“As well as Cortnee Vine at Sydney FC, there will be many other World Cup Matildas playing in the Liberty A-League Women.

“Lydia Williams at Melbourne Victory, Tameka Yallop at Brisbane and Kyah Simon at Central Coast among others.

“There will also be World Cup players from other nations such as Rebekah Stott and Hannah Wilkinson from New Zealand at Melbourne City, Jaclyn Sawicki from the Philippines at Western United; and Lysianne Proulx from Canada at Melbourne City.

“All three Melbourne teams made the finals last year including Western United making the grand final in their debut season. They will all be seeking to return to the finals this coming season with some big name recruits. I strongly encourage you to take the opportunity to get along to a Liberty A-League game in Melbourne and see these stars up close.

“The Isuzu UTE A-League Men is set to be as competitive as ever. Melbourne City – laden with Socceroos stars – made the Grand Final falling to Central Coast at the final hurdle.

“Western United and Melbourne Victory just missed out on the finals last season and will be looking to return to the top half of the ladder.

“I want to acknowledge the extraordinary young talent we now have in the league. The past 12 months has seen a record level of transfer fees paid by European clubs to A-League clubs for our talented young players. This has followed sustained investment by the clubs in their academies and young talent.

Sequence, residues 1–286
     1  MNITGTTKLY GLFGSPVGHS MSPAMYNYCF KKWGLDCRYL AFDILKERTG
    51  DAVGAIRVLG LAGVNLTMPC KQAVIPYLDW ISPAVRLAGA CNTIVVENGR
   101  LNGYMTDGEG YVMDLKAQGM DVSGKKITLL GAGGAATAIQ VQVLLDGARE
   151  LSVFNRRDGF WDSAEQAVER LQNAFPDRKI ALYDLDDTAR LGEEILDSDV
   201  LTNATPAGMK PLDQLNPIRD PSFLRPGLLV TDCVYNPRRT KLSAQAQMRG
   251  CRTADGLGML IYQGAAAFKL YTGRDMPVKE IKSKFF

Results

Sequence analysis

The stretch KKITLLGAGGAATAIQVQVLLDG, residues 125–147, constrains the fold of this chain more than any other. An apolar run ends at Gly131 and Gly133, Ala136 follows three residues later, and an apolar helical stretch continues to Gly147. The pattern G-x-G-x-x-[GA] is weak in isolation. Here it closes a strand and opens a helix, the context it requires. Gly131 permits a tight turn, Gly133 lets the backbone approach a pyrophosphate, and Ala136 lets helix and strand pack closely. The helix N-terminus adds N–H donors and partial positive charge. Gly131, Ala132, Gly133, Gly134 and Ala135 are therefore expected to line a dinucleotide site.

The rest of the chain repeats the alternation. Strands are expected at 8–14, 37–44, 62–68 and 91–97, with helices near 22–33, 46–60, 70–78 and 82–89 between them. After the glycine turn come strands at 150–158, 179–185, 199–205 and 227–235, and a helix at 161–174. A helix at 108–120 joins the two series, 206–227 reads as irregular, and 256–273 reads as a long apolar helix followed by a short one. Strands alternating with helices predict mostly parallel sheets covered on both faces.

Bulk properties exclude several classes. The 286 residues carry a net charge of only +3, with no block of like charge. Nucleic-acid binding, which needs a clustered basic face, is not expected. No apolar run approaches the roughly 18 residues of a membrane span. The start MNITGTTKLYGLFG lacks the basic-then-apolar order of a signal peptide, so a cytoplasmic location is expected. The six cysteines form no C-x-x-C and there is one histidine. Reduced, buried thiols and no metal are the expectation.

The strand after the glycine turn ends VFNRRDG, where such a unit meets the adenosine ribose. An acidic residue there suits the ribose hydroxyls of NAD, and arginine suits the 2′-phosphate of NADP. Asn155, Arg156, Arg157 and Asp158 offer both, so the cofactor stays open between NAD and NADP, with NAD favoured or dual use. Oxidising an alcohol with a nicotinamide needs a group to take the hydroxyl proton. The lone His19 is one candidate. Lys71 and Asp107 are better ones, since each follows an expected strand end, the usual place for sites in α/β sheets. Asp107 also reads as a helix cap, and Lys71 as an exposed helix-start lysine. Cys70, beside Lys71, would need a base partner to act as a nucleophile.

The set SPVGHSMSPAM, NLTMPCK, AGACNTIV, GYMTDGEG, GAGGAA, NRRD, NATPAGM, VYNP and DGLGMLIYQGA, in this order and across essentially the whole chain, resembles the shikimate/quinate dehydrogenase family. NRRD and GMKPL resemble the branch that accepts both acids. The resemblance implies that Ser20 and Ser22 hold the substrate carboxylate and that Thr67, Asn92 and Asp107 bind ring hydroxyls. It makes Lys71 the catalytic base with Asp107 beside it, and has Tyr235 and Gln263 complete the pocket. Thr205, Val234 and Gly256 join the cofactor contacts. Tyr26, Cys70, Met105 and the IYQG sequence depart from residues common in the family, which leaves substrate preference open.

“Melbourne City’s Jordan Bos is a great example. After growing up in Point Cook and playing junior football for Hoppers Crossing, he joined Melbourne City. He debuted for City as a 19-year old, was a Socceroo 15 months later and has now transferred to Europe. Jordan is just one example of the homegrown stars made in the A-Leagues.

“I acknowledge the work of our three Melbourne clubs in engaging with local football clubs around Victoria, investing in their academies and providing talented young players with the opportunities to play professionally.

“I would like to recognise the hundreds of thousands A-Leagues fans who make our games so special.

“Our players, our clubs, our leagues wouldn’t be the same without our fans and the terrific atmosphere they create.”